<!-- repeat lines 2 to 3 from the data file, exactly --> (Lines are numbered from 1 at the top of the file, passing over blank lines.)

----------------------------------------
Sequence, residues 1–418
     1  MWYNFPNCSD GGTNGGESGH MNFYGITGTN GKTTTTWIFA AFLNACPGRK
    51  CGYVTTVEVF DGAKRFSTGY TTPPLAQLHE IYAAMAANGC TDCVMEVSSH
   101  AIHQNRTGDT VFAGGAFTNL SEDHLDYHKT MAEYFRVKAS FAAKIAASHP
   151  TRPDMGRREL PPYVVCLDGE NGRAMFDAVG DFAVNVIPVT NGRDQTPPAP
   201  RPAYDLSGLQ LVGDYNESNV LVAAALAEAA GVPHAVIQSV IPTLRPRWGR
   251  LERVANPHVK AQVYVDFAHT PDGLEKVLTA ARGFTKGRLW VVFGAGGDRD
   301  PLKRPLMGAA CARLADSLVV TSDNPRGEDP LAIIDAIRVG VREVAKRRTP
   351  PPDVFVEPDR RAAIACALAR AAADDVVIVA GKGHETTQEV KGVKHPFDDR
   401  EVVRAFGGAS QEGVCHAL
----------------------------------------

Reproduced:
     1  MWYNFPNCSD GGTNGGESGH MNFYGITGTN GKTTTTWIFA AFLNACPGRK
    51  CGYVTTVEVF DGAKRFSTGY TTPPLAQLHE IYAAMAANGC TDCVMEVSSH